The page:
To alleviate agricultural distress, a Reserve Bank of India panel has recommended a slew of measures, including doing away with the current interest subsidy scheme, instituting a universal crop insurance scheme for small and marginal farmers, and digitisation of land records.

The committee on medium-term path on financial inclusion, headed by Deepak Mohanty, Executive Director, RBI, suggested that the Centre should come up with universal crop insurance for small and marginal farmers at a heavily subsidised rate, the money for which can be funded by doing away with the current interest subsidy scheme.

Distorting the system

It observed that the interest subsidy scheme has distorted the agricultural credit system and seems to have impeded long-term investment. Under the scheme, the Centre provides interest subvention at 2 per cent for short-term crop loans of up to ₹3 lakh. Additionally, a 3 per cent incentive is given for prompt repayment of loans.

The committee said millions of small farmers live on the precipice, starved of credit. In the absence of bold structural reforms by way of digitisation of land records and giving tenancy certification to enable credit to the tiller, the problem is likely to persist.

Digitisation of land records

It expressed concern that although agricultural credit has been rising every year, as reflected in an increase in the number of accounts, the extent of financial exclusion remains large, especially for tenant farmers, share-croppers and agriculture labourers who still have limited or no access to the formal credit system.

Additionally, indirect credit has risen more impressively compared to direct credit, due mainly to more and more categories being brought within the ambit of priority sector lending for agriculture.

“It therefore becomes exigent to find out ways to reach the small and marginal farmers for agri-credit, taking due care of risk factors.

“One of the primary reasons is the reluctance of landowners to formally lease out their land for cultivation for fear of losing their rights over the land. As a result, banks are reluctant to grant credit for want of any evidence of cultivation,” the committee said.

The owner of the land is often not the cultivator even in the case of small and marginal holdings, it added.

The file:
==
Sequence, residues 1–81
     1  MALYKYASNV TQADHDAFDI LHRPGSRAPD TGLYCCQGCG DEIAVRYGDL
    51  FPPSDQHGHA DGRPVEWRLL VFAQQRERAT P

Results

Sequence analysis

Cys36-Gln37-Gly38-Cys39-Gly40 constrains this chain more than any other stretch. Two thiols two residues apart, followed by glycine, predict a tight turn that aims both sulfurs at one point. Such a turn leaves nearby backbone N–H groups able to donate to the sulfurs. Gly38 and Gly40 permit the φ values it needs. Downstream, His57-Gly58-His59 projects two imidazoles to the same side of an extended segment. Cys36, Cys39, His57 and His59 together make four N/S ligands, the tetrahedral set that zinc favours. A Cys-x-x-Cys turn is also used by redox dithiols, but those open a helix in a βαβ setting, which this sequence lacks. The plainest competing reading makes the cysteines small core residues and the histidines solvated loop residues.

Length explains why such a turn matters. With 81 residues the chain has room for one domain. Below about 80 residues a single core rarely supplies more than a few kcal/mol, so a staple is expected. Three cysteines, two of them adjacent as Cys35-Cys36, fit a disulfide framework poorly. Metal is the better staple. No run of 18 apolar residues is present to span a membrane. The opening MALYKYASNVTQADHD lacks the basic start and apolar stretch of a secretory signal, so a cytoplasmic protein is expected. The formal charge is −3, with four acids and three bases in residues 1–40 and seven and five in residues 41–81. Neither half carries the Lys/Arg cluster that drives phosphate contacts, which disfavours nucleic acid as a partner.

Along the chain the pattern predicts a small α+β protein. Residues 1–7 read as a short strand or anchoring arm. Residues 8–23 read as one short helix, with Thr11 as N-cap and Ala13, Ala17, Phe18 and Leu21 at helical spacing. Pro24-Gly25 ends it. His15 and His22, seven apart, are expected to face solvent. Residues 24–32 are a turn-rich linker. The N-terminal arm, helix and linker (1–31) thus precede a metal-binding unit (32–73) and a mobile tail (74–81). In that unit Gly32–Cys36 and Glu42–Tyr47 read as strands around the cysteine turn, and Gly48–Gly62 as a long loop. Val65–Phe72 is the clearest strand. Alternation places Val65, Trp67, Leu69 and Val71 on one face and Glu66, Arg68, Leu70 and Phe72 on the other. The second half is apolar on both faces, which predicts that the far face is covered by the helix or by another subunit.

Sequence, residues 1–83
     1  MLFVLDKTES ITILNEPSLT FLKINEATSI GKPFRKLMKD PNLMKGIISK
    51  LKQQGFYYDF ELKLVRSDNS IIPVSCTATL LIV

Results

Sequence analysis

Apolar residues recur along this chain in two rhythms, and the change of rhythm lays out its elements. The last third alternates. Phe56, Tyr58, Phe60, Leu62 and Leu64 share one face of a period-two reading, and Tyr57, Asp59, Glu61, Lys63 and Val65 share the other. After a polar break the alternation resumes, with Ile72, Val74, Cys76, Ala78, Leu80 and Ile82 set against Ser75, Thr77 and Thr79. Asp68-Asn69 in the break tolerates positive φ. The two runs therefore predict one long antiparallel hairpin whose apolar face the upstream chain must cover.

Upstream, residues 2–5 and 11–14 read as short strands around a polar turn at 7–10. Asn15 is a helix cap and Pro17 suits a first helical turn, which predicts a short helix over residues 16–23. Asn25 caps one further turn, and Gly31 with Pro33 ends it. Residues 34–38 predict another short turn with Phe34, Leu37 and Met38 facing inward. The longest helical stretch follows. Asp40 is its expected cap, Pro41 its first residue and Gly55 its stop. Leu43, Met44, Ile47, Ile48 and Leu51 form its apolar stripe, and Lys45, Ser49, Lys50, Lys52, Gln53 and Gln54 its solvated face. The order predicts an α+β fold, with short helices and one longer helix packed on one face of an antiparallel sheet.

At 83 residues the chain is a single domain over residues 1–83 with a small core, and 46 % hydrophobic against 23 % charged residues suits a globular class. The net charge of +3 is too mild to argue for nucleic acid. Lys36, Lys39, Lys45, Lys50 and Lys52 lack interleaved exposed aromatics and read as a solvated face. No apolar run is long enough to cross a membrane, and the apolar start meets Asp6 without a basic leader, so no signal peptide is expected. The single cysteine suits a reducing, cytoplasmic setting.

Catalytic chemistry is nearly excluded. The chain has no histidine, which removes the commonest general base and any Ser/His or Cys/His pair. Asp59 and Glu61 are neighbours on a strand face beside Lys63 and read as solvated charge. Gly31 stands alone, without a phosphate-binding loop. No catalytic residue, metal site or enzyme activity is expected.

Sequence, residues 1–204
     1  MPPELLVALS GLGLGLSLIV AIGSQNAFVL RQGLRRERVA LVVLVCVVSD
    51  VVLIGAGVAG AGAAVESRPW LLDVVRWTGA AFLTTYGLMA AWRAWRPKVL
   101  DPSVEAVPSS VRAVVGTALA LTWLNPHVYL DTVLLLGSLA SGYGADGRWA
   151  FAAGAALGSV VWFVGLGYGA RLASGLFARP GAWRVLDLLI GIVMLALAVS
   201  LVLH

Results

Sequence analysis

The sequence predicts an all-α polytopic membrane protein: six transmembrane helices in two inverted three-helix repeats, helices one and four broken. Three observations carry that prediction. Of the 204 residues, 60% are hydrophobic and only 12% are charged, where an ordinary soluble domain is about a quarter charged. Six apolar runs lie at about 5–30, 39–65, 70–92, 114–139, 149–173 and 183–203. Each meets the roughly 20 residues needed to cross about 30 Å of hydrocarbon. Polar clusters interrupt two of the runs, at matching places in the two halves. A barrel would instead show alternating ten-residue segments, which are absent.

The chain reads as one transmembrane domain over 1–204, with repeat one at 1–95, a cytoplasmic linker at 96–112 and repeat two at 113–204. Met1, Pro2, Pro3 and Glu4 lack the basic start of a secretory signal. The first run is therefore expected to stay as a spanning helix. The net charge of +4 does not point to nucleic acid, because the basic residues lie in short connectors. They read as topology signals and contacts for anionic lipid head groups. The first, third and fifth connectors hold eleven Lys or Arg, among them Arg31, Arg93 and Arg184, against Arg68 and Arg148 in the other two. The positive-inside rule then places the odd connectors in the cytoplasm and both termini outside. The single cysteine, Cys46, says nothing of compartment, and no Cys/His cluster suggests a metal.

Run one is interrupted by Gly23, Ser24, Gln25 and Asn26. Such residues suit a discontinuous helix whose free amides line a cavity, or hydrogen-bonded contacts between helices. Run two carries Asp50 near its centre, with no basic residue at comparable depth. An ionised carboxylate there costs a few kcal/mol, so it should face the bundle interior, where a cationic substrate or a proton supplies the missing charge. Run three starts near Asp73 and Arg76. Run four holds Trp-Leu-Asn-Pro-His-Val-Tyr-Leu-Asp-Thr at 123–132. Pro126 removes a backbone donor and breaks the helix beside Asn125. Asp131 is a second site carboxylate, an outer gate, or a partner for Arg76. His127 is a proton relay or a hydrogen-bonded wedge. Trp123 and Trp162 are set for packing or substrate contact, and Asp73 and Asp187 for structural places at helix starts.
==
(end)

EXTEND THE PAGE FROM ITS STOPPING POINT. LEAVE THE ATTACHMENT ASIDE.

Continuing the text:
Hence, the Committee recommended that in order to increase formal credit supply to all agrarian segments, digitisation of land records should be taken up by states on a priority basis.

Credit eligibility certificates

In order to ensure actual credit supply to the agricultural sector, the committee recommended the introduction of an Aadhaar-linked mechanism for Credit Eligibility Certificates.

For example, in Andhra Pradesh, the revenue authorities issue Credit Eligibility Certificates to tenant farmers (under the Andhra Pradesh Land Licensed Cultivators Act). Such tenancy/ lease certificates, while protecting the owner’s rights, enable landless cultivators to obtain loans.

The Reserve Bank of India may accordingly modify its regulatory guidelines to banks to directly lend to tenants/lessees against such credit eligibility certificates.

Income transfer scheme

The Centre, according to the panel, may phase out the agricultural input subsidy and replace it with an income transfer scheme, which could potentially transform the agriculture sector besides promoting financial inclusion. This would first require digitisation of land records for clear titles and credit linkages to establish evidence of cultivation.

The Centre may restructure the Agriculture Insurance Company (AIC) to take up the role of a dedicated Crop Insurance Corporation, the committee suggested.